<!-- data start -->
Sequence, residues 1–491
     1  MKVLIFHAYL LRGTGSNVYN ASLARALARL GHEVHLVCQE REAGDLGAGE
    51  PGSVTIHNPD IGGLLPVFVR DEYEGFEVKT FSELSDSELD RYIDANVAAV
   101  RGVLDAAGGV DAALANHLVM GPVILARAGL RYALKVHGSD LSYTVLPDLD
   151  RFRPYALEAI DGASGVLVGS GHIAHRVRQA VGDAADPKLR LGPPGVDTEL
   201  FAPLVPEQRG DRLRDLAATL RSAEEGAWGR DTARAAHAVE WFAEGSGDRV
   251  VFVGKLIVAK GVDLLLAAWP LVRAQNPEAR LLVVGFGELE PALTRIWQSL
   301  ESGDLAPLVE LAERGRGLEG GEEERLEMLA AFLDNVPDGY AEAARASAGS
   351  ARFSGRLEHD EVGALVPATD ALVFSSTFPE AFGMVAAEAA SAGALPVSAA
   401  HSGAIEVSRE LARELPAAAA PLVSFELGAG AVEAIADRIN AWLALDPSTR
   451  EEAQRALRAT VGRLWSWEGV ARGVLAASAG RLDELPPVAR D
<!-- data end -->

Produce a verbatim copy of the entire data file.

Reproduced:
Sequence, residues 1–491
     1  MKVLIFHAYL LRGTGSNVYN ASLARALARL GHEVHLVCQE REAGDLGAGE
    51  PGSVTIHNPD IGGLLPVFVR DEYEGFEVKT FSELSDSELD RYIDANVAAV
   101  RGVLDAAGGV DAALANHLVM GPVILARAGL RYALKVHGSD LSYTVLPDLD
   151  RFRPYALEAI DGASGVLVGS GHIAHRVRQA VGDAADPKLR LGPPGVDTEL
   201  FAPLVPEQRG DRLRDLAATL RSAEEGAWGR DTARAAHAVE WFAEGSGDRV
   251  VFVGKLIVAK GVDLLLAAWP LVRAQNPEAR LLVVGFGELE PALTRIWQSL
   301  ESGDLAPLVE LAERGRGLEG GEEERLEMLA AFLDNVPDGY AEAARASAGS
   351  ARFSGRLEHD EVGALVPATD ALVFSSTFPE AFGMVAAEAA SAGALPVSAA
   401  HSGAIEVSRE LARELPAAAA PLVSFELGAG AVEAIADRIN AWLALDPSTR
   451  EEAQRALRAT VGRLWSWEGV ARGVLAASAG RLDELPPVAR D